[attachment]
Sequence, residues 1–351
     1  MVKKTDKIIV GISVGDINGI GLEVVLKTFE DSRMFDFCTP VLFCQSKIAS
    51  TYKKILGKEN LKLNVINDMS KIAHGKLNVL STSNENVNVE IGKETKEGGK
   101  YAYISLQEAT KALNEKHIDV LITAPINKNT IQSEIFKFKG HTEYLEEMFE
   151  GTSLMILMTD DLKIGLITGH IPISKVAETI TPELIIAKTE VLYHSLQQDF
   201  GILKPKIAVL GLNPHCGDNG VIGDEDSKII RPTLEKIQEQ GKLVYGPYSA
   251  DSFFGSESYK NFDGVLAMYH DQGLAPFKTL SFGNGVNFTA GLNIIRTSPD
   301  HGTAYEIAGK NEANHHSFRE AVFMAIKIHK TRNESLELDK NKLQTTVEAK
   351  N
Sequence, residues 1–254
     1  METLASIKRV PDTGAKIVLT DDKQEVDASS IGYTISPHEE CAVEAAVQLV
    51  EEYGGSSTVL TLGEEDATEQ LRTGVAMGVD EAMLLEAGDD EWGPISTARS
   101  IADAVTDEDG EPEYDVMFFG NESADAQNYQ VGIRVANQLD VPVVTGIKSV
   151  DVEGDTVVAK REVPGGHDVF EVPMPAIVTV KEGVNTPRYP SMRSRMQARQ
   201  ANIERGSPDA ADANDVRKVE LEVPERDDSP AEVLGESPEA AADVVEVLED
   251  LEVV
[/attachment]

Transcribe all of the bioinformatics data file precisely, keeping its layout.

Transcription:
Sequence, residues 1–351
     1  MVKKTDKIIV GISVGDINGI GLEVVLKTFE DSRMFDFCTP VLFCQSKIAS
    51  TYKKILGKEN LKLNVINDMS KIAHGKLNVL STSNENVNVE IGKETKEGGK
   101  YAYISLQEAT KALNEKHIDV LITAPINKNT IQSEIFKFKG HTEYLEEMFE
   151  GTSLMILMTD DLKIGLITGH IPISKVAETI TPELIIAKTE VLYHSLQQDF
   201  GILKPKIAVL GLNPHCGDNG VIGDEDSKII RPTLEKIQEQ GKLVYGPYSA
   251  DSFFGSESYK NFDGVLAMYH DQGLAPFKTL SFGNGVNFTA GLNIIRTSPD
   301  HGTAYEIAGK NEANHHSFRE AVFMAIKIHK TRNESLELDK NKLQTTVEAK
   351  N
Sequence, residues 1–254
     1  METLASIKRV PDTGAKIVLT DDKQEVDASS IGYTISPHEE CAVEAAVQLV
    51  EEYGGSSTVL TLGEEDATEQ LRTGVAMGVD EAMLLEAGDD EWGPISTARS
   101  IADAVTDEDG EPEYDVMFFG NESADAQNYQ VGIRVANQLD VPVVTGIKSV
   151  DVEGDTVVAK REVPGGHDVF EVPMPAIVTV KEGVNTPRYP SMRSRMQARQ
   201  ANIERGSPDA ADANDVRKVE LEVPERDDSP AEVLGESPEA AADVVEVLED
   251  LEVV